Home>Top Issues

The world’s new academic bazaar

Thursday,Jan 18, 2018

From: The Hindu

 

Lakes in some of the famous university campuses in Beijing — Peking and Tsinghua among them — have frozen as sub-zero temperatures are now routine in the Chinese capital. Yet, soon after daybreak, the campuses come alive as young scholars, braving the cold, rush to the classrooms. Many of these students are foreigners, as some of the top universities, mainly in Beijing’s Haidian district, are beginning to acquire a distinct international flavour.

At the Beijing Language and Culture University, China’s premier language university, many from various global destinations — Spain, Italy, Indonesia, Brazil and India — have descended for a short-duration course in the Chinese language. Many of them are taking advantage of the holiday season back home to do a one-month elementary stint in Mandarin.

Some others are staying longer for advanced courses. “I am learning the language because I want to work in China. Jobs in Europe are drying up but China appears to be a different story,” says Andreas, a student from Spain. In tune with China’s opening up to the world, Indian students are also making their presence felt on Chinese campuses. “I have an electronics engineering degree from New Delhi but I decided to explore other fields outside science and engineering. Peking University offered me the Yenching scholarship,” says Ravish Bhatia.

Students qualifying for the Yenching scholarship — a Rhodes-like scholarship with Chinese characteristics — become part of Peking University’s well-known Yenching Academy. During their stay in China, they pursue an interdisciplinary Master’s programme on the country — its past, present and future direction. Scholars availing the fully-funded scholarship can design their own academic path, choosing from six academic clusters and a range of extracurricular activities.

Among foreign students, South Koreans comprise the highest numbers followed by the Americans. Indians are among the top five foreign nationalities pursuing higher studies in China.

With jobs drying up in the West and getting a work visa becoming bothersome, a large number of Indian students are heading to China’s shores. Apparently, there are now 18,171 Indian students in China, 156 more than those residing in the U.K. A study conducted by the Center for China and Globalization (CCG), concluded that India was among the top countries sending students to China in 2016-17.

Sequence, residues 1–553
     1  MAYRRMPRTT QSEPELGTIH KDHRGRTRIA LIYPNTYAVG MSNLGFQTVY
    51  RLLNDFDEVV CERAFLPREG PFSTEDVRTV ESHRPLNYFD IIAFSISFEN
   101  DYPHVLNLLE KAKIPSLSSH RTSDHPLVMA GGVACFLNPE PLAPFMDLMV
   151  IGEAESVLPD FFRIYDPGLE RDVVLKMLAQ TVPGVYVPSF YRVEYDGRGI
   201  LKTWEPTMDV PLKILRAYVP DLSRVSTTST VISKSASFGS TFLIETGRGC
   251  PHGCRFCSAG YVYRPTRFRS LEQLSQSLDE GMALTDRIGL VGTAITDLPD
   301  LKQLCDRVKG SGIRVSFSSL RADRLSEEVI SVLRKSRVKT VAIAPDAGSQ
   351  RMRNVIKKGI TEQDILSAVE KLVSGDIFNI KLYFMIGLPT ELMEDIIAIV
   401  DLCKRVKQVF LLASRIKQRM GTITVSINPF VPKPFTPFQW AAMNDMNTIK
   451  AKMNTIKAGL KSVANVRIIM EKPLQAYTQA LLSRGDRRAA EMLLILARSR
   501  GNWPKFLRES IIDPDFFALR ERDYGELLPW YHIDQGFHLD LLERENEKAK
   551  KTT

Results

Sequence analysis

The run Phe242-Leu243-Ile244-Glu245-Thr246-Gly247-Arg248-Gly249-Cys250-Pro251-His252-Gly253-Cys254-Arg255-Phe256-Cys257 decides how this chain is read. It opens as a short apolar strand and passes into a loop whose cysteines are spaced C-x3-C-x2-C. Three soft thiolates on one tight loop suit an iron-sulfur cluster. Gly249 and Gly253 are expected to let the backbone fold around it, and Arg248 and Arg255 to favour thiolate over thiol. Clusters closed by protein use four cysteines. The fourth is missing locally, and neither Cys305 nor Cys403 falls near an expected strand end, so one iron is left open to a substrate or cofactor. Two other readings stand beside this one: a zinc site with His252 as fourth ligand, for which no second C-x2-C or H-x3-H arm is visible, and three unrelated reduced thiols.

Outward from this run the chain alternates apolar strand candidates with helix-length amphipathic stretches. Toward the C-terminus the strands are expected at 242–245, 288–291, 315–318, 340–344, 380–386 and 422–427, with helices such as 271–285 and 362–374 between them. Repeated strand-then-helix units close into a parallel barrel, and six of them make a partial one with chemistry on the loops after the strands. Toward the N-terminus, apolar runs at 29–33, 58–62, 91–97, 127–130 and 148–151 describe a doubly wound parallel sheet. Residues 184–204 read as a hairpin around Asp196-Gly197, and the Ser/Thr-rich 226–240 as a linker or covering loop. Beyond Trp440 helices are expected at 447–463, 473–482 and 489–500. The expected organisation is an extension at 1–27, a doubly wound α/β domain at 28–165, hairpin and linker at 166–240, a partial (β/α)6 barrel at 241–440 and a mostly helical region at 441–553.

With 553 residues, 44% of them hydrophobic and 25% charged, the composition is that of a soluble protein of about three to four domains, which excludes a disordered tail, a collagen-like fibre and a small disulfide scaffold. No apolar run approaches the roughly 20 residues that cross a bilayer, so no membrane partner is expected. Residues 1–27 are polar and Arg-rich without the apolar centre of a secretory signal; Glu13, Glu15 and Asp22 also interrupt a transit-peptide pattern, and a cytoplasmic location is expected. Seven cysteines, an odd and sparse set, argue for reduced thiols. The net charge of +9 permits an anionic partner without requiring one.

Rising deglobalisation

 

China seems to have benefited from the growing “populism”, especially in the U.S. and Britain, which makes these countries appear less foreigner-friendly. The CCG study, released last month, highlights that “the rising deglobalisation represented by U.S. President Donald Trump’s election victory”, along with the concerns over “Brexit”, are among the reasons that explain the outbound drop among international students in the traditional academic bazaars of the U.S. and the U.K.

“I think people prefer China more nowadays because the cost of education is cheaper here than the U.K. or the U.S. Many of the Chinese universities are now ranked in the top 150 globally. The infrastructure and facilities in China are wonderful. It’s very safe and as an Asian country, people value and respect each other’s culture,” CGTN Digital quoted Ashwini Deshpande, an Indian student from Pune who is currently pursuing a language degree at Ningbo University, in China’s Zhejiang Province, as saying.

 

From The Hindu,2018-1-13

 

 

  • He Weiwen: G20 Hangzhou Summit and UN 2030 Agenda

    He Weiwen: Strong and Competitive Manufacture Industry Necessary to Fulfill China Dream From: China-US Focus Tweet   A distinct and significant feature of the G20 Hangzhou Summit is the convergence with UN 2030 Agenda for Sustainable Development and the priority…

  • Interview with David Lampton:Will Clinton cooperate with China if elected?

    Interview with David Lampton:Will Clinton cooperate with China if elected?

  • America’s Competitors Angle for Silicon Valley’s Business

    Mr. Trump’s plans, combined with an American political climate that has left many immigrants feeling less welcome, has cast a pall of uncertainty over the American tech industry, which relies heavily on highly skilled workers from abroad. But while entrepreneurs and executives in the United States are fretting, other countries — including Mexico, Canada and China — are salivating over the Trump administration’s rumblings.

  • Trade war unlikely between China and U.S.

    The incoming U.S. president Donald Trump adds more uncertainty to the Sino-US relations, but Trump’s aggressive remarks on economics and trade would not bring about a trade war between the two economic giants, which would otherwise make both suffer, experts warned prior to Trump’s inauguration on Jan. 19.

  • China looks to think-tanks to fill CCP’s ideas gap

    BEIJING — The southern Chinese manufacturing hub of Dongguan’s decision to lure elite workers with cash payments of up to US$3,000 (S$4,085) owed much to a think-tank founded in late 2013 after President Xi Jinping urged a greater role for research houses in policymaking.